Sharks & Rays
Myth 1: Sharks Must Swim Constantly or They Die!
Myth 2: Sharks are the Number One Cause of Animal-Related Deaths!
Myth 3: All Rays Have Poisonous Stingers!
Myth 4: All Sharks are Like the Great White!
Myth 5: Sharks Can Detect a Single Drop of Blood in the Ocean!
Myth 6: Sharks Do Not Get Cancer!

The wobbegong...

Myth 4:

All Sharks are Like the Great White!

When you think of a shark, do you think of the great white--enormous, man-eating, dorsal-finned predator of the open sea? While it is true that the approximately 400 described species of sharks have a number of common traits, they in fact exhibit a remarkable diversity.

While many shark species inhabit relatively shallow coastal waters, a number of shark species do occur in the open ocean at depths greater than 1,000 m--these include kitefin sharks (Dalatias licha), lantern sharks (Etmopterus hillianus), catsharks (family Scyliorhinidae), and the Portuguese shark (Centroscymnus coelolepis), which has been found at depths of 3,690 m. Sharks live in tropical and temperate seas, and also inhabit the frigid Arctic regions. Some sharks are even diadromous--that is, they migrate between salt and freshwater habitats.

Feeding Habits:
No shark species subsists solely on vegetable matter, but not all sharks exhibit predatory behavior to obtain food. Some sharks, including the two largest species—the whale shark (Rhincodon typus) and the basking shark (Cetorhinus maximus)—are filter feeders that eat only plankton. Dentition varies with food type--sharks that feed on mollusks and crustaceans use their flat molar-like teeth for crushing; mako (genus Isurus) and tiger sharks (Galeocerdo cuvier) have long, thin teeth used for piercing and grasping fish and squid; and most requiem sharks (family Carcharhinidae) have serrated teeth that cut their prey.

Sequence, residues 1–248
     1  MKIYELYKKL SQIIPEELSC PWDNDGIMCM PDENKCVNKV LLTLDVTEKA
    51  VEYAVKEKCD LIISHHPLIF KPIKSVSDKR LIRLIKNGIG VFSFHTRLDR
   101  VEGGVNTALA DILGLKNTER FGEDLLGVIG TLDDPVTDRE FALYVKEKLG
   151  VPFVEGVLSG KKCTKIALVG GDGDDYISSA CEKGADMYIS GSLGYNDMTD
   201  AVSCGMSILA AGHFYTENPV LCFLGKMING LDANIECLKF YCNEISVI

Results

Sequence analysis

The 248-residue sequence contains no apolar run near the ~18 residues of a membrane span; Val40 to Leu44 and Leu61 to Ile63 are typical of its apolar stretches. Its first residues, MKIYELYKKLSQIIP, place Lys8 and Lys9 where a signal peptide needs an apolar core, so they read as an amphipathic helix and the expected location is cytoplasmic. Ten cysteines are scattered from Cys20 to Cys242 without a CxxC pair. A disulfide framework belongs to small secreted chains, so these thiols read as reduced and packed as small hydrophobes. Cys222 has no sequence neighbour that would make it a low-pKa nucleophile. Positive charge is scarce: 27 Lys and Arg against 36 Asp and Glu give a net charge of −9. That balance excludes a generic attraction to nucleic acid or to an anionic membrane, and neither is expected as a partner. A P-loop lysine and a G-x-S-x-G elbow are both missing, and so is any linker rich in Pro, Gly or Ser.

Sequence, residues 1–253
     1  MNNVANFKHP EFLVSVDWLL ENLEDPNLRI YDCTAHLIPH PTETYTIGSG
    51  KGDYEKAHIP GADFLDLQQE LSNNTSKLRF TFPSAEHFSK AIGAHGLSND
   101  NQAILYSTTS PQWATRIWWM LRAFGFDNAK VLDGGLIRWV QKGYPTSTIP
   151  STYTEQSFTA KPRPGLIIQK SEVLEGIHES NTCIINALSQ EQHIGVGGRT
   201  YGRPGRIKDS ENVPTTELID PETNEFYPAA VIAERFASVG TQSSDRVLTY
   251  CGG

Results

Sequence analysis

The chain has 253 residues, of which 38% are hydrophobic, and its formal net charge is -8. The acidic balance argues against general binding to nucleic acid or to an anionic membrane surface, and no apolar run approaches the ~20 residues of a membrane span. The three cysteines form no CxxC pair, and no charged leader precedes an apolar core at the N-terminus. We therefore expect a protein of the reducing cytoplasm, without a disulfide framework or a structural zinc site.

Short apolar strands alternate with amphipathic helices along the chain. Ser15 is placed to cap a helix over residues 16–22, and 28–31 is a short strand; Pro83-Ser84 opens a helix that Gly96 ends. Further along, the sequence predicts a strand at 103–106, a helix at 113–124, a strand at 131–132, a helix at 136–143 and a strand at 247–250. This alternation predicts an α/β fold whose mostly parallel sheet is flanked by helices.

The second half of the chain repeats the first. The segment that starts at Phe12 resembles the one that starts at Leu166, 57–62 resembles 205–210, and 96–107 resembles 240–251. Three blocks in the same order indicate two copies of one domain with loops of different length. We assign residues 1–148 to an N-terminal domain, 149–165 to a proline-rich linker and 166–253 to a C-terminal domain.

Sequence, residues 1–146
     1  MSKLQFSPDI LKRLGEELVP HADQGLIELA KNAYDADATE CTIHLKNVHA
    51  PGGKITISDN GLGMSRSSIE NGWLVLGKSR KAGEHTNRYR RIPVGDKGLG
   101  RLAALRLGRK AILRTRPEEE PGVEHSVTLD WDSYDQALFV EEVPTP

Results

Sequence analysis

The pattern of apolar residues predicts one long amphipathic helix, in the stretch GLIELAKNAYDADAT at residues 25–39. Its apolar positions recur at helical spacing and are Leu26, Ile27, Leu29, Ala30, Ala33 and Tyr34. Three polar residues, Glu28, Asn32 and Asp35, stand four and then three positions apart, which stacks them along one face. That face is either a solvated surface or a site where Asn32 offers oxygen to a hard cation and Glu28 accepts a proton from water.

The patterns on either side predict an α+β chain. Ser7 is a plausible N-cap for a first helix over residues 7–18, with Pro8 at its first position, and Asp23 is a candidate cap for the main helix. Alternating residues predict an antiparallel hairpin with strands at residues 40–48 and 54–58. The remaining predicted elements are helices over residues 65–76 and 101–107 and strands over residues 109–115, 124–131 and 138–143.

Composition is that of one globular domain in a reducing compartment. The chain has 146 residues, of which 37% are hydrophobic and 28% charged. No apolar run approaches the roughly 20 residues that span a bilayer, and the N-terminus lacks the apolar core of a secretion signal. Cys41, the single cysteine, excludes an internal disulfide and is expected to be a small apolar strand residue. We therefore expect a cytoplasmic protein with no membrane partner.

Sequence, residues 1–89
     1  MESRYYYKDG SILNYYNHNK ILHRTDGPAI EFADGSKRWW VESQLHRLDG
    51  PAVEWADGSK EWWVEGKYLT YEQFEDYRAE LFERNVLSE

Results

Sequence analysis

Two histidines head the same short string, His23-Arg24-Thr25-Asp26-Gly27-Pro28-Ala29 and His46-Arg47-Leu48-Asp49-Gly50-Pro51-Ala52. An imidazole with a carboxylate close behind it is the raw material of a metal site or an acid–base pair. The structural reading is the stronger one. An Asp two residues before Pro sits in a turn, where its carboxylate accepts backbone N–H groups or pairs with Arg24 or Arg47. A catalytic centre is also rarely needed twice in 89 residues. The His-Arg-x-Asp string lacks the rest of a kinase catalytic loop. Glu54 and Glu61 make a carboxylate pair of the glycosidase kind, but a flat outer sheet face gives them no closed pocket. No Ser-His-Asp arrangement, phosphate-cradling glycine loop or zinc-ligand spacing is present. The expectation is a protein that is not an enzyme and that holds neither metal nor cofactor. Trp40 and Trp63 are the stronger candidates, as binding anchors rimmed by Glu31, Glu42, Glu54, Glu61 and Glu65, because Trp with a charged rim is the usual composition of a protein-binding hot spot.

Morphology and Pigmentation:
Sharks range in size from the small 16 cm, 15 g dwarf dogshark (Etmopterus perryi) to the gigantic 12 m, 12,000 kg whale shark (the largest fish in the world). The angel shark's (Squatina dumeril) body is flattened, allowing it to camouflage itself on the ocean floor, and in this way is convergent with rays. Even the fusiform shape of most sharks varies in proportions. And let's not overlook the strange cranial morphology of the great hammerhead (Sphyrna mokarran). Although sharks do not exhibit the fantastic range of coloration seen in bony fishes, there are many that do vary in color and markings, and some change throughout their life cycles. The zebra shark, for example, is born with strong white stripes over a dark brown background, but as the creature grows, stripes change to brownish spots over a palish, dusky green background. The smalleye hammerhead (Sphyrna tudes) is born orange, changing to yellow as it ages.

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